A Polling Comparison

By Jim Ellis

Neck-and-neck polling in a few key battleground states between President Donald Trump and former vice president Joe Biden shows interesting parallels to the 2016 race between Trump and Hillary Clinton.

Sept. 10, 2020 — With a plethora of presidential polls being released every week providing sometimes radically diverse results, it is often difficult to draw a clear picture of where the electorate is heading.

The conventional wisdom and preponderance of polling trends suggest that Joe Biden is leading the presidential race, but that President Trump is making a comeback, and the race is beginning to show some of the same characteristics found in 2016.

Three of the key states that baffled the political pollsters four years ago were Michigan, Pennsylvania, and Wisconsin. As we will remember, President Trump was expected to lose them all but scored close upset victories in each place.

The aggregate group of 2016 pollsters missed in each of the three states and the Real Clear Politics polling archives still publicly maintains all of those survey results. Therefore, we have the historical data to draw clear parallels between then and now.

In Wisconsin, 33 polls were taken during the election cycle and only one, from the Trafalgar Group at the end of the campaign season, placed Trump in front. A total of 62 polls were conducted in Pennsylvania with only three, again including a Trafalgar poll, projecting the future president into the lead. In Michigan, 42 polls were publicly released with Trump ahead in just two.

Though it is not generally statistically significant to average polling results because the polling methodologies, and certainly sample sizes, are very different, doing so does give us a guide as to the error factor that was present in 2016, and possibly a glimpse into what might exist this year.

In Wisconsin, the average Hillary Clinton lead advancing into the general election was 6.5 percentage points. With a 0.7 percent win for Trump, the overall error factor became a whopping 7.2 percent. The Pennsylvania numbers were closer but still a significant miss. Clinton’s average lead heading into Election Day was 2.1 percent and the president won there by the same 0.7 percent that he carried Wisconsin. Therefore, the Keystone State error factor was 2.8. Michigan was a similar story. Error factor: Clinton plus-3.6 percent. Trump victory margin: just 0.3. Total Michigan error factor: 3.9.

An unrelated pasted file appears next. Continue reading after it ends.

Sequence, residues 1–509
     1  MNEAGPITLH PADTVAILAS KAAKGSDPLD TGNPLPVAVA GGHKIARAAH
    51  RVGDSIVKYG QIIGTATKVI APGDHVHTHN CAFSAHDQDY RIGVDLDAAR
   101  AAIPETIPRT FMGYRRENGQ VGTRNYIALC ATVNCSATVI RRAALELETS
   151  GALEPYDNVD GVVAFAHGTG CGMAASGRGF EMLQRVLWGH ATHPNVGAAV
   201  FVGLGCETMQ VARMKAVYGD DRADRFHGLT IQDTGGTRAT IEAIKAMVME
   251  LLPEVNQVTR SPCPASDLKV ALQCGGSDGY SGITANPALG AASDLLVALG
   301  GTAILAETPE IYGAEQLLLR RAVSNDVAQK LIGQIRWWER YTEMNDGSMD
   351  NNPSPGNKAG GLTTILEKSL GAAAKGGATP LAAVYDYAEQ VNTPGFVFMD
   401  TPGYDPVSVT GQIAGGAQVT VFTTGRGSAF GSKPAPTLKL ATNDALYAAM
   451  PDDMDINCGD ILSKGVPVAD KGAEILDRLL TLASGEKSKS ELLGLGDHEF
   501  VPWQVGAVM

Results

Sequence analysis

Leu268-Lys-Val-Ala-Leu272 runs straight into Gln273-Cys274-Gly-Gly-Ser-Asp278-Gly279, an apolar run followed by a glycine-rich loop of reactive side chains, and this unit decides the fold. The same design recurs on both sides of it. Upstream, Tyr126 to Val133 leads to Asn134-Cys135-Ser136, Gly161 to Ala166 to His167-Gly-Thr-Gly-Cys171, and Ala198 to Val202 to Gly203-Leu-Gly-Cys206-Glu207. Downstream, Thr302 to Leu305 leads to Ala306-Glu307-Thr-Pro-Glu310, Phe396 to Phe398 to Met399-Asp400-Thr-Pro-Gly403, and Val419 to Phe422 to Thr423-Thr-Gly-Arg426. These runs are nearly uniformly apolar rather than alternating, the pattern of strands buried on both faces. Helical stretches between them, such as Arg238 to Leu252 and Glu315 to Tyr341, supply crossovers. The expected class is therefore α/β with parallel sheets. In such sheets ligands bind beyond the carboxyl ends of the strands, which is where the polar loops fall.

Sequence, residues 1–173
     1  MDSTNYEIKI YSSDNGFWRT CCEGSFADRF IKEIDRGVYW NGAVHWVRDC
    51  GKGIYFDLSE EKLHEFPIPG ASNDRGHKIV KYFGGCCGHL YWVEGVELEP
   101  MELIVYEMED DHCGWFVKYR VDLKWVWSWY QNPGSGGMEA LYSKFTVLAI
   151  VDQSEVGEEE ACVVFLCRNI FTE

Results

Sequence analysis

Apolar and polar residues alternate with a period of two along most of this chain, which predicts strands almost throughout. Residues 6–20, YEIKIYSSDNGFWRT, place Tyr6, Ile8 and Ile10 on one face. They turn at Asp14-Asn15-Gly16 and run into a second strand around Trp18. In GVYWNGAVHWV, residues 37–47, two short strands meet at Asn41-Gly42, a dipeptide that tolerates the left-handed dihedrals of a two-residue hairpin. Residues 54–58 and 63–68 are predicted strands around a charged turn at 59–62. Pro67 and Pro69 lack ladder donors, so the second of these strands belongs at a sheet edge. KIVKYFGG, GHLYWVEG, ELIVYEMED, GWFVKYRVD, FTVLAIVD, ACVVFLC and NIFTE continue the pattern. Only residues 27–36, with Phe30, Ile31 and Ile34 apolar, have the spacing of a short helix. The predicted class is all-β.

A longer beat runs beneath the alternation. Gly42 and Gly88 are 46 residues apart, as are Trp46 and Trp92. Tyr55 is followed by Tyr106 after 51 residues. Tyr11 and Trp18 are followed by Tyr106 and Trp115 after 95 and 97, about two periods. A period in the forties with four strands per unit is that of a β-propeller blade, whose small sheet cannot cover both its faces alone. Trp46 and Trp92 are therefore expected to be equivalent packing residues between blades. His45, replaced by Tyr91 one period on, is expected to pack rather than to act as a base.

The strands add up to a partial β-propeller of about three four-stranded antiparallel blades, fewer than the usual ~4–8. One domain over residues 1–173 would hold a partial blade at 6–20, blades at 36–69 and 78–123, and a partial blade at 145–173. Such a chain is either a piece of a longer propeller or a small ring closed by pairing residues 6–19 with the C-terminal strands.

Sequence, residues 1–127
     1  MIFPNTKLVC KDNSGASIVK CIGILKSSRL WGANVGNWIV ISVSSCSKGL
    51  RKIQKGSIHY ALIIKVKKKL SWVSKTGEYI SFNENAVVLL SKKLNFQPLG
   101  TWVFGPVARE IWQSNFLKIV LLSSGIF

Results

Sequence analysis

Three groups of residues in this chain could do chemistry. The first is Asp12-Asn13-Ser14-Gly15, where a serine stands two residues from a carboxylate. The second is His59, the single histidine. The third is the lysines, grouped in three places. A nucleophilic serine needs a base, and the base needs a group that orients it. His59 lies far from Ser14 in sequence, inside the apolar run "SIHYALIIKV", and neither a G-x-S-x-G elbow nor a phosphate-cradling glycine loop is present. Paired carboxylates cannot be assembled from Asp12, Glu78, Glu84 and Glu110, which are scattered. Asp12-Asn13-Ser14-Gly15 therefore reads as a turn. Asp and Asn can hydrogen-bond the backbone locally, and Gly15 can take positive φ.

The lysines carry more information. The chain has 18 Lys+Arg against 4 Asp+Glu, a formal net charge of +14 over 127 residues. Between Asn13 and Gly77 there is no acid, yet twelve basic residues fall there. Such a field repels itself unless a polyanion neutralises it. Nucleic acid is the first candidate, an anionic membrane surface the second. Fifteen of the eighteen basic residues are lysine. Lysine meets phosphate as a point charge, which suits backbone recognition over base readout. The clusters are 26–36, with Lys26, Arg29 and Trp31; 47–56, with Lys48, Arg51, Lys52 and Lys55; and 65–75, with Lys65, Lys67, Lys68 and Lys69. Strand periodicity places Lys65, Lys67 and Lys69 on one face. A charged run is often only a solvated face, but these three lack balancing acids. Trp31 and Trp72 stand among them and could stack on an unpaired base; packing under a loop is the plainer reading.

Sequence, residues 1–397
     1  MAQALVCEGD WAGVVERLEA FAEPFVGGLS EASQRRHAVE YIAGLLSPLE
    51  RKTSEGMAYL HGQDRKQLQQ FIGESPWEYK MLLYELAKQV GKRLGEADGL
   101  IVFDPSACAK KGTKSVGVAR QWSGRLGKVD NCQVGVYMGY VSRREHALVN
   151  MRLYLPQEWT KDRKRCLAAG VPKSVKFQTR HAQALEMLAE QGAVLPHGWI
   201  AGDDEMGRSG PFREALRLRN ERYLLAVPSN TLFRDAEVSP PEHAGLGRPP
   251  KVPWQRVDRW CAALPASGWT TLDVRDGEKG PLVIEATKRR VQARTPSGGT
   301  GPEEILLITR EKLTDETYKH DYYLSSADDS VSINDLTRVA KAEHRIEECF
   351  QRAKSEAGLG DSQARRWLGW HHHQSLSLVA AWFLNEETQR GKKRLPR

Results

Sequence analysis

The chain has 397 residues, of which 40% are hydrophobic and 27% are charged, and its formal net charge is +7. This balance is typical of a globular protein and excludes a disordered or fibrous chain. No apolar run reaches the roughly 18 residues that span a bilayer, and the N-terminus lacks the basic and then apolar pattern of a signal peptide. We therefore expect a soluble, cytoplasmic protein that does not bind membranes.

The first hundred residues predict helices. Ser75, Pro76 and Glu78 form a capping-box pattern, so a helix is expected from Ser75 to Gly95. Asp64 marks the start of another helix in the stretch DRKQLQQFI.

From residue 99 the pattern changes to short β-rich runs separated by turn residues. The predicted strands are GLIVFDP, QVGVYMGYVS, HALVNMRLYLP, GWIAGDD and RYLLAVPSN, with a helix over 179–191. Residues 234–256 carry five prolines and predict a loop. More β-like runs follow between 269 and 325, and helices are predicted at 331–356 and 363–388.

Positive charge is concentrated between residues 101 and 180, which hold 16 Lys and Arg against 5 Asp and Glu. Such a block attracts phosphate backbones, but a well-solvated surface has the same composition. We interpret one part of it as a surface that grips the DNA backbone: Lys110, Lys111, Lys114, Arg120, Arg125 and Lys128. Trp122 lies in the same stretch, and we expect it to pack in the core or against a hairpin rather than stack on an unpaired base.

These numbers may help explain exactly where the election stands today. Assuming that the “shy Trump voter” figure, as it is currently described – meaning those people voting for Trump but won’t admit so publicly – is again present and similar to what we saw in 2016, although many people believe there are more in this election, we can possibly begin to look at these important Great Lakes States through a different prism.

Using the past error factors, let’s calculate where President Trump and Joe Biden stand in the three states, and also compare them to where Trump and Clinton stood in early September 2016 in order to gauge what might be a swing factor toward the end. This is merely a guide because the issue set and external factors that could influence voting is much different today than it was four years ago. This exercise, however, does provide us a pattern that could conceivably unfold in the campaign’s final weeks.

• 2016 Error Factor: 3.9
• Current Standing: Biden +3.2 from six polls taken July 26-Sept. 6
• Standing in Early September 2016: Clinton +6.2 from five polls between
Aug. 9-Sept. 13

• 2016 Error Factor: 2.8
• Current Standing: Biden +4.3 from six polls taken Aug. 25-Sept. 7
• Standing in Early September 2016: Clinton +7.3 from seven polls between
Aug. 3-Sept. 16

• 2016 Error Factor: 7.2
• Current Standing: Biden +6.4 from five polls taken Aug. 29-Sept. 6
• Standing in Early September 2016: Clinton +6.25 from four polls between
Aug. 4-Sept. 18

Therefore, if the error factor becomes similar to what we saw in 2016, then despite trailing in the polling within these three states, the data extrapolation suggests that Trump is again positioned to carry two of these three states, Michigan and Wisconsin, and is getting into range to possibly overtake Biden in Pennsylvania.

Does this rudimentary model mean that President Trump will again win Michigan, Wisconsin, and Pennsylvania? It does not. But it does say that the president remains competitive as we enter the campaign’s final 54 days, and it is important to remember that he would need to carry only one of these three if his southern tier base of Arizona, Texas, Georgia, North Carolina, and Florida remains intact. Therefore, the end to this 2020 campaign has clearly not yet been written.

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